Seminar | Polymer Nanocomposites: From Laboratory Concept to Large Scale Production | 03-03-2020 | 12:00h
Polymer nanocomposites combine the properties of the matrix with those of the filler additive. This opens a wide range of possibilities and allows for the creation of fundamentally new materials that exhibit improved mechanical, electrical and thermal properties. This combination of filler and polymer allows for immense versatility and design capabilities and as consequence research in nanocomposites has been ever-growing. Traditionally carbon black has been the filler of choice due to its relatively simple structure, product versatility and reduced cost.
Over the years more advanced carbonaceous fillers like fullerenes, nanotubes or graphene have been developed spearheading a revolution in the area of polymer nanocomposites. Due to their anisotropic dimensions and unique geometry these advanced fillers allow for the creation of extended network structures in the matrix with minimal concentrations. The main advantage of carbonaceous fillers is their tendency to allow for electrical conductivity, but if this is not desirable then options like glass fibres, talcum or even clays are available offering significant performance enhancements, especially in terms of mechanical reinforcement. In this presentation, we will discuss the various challenges that arise from commercial production and use of polymer nanocomposites, especially the issues around melt mixing and dispersion.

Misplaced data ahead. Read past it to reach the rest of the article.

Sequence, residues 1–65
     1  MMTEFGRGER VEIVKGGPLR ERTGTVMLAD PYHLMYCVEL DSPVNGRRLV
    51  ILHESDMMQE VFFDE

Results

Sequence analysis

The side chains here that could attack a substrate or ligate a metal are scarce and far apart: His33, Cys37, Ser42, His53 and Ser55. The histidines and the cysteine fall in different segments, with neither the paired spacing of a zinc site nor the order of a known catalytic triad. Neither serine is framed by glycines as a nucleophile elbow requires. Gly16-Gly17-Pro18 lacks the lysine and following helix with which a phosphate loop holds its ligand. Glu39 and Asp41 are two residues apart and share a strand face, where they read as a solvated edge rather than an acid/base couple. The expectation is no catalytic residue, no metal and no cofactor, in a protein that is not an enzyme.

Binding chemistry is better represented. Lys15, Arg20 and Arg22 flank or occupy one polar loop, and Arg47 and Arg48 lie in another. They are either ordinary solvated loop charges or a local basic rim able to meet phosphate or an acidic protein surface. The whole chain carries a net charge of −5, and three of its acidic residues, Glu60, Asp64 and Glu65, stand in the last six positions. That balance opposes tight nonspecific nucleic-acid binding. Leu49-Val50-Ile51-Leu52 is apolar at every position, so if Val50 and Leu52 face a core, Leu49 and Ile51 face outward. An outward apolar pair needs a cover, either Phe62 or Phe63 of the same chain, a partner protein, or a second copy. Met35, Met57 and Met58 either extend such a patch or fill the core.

We will examine the role of thermodynamics during the mixing process as well as the influence of the chain conformation along various length scales in facilitating the efficient dispersion of the filler into the matrix.
Thomas Gkourmpis | Borealis AB, Sweden and Chalmers University of Technology in Gothenburg Sweden.
Thomas Gkourmpis is a Senior Scientist in Borealis AB in Sweden and a Visiting Scientist in Chalmers University of Technology in Gothenburg Sweden. He holds a BSc in Electrical Engineering from the Technical University of Athens Greece, and an MSc and PhD in Physics from the University of Readin UK. His research is focused on the molecular organisation of amorphous and semi-crystalline polymers their performance and their processing using computational models coupled with time resolved neutron and x-ray scattering. Currently he is working on a series of projects aiming to understand the fundamental structure-property relationships in polymer nanocomposites for a number of technologically and commercially important applications.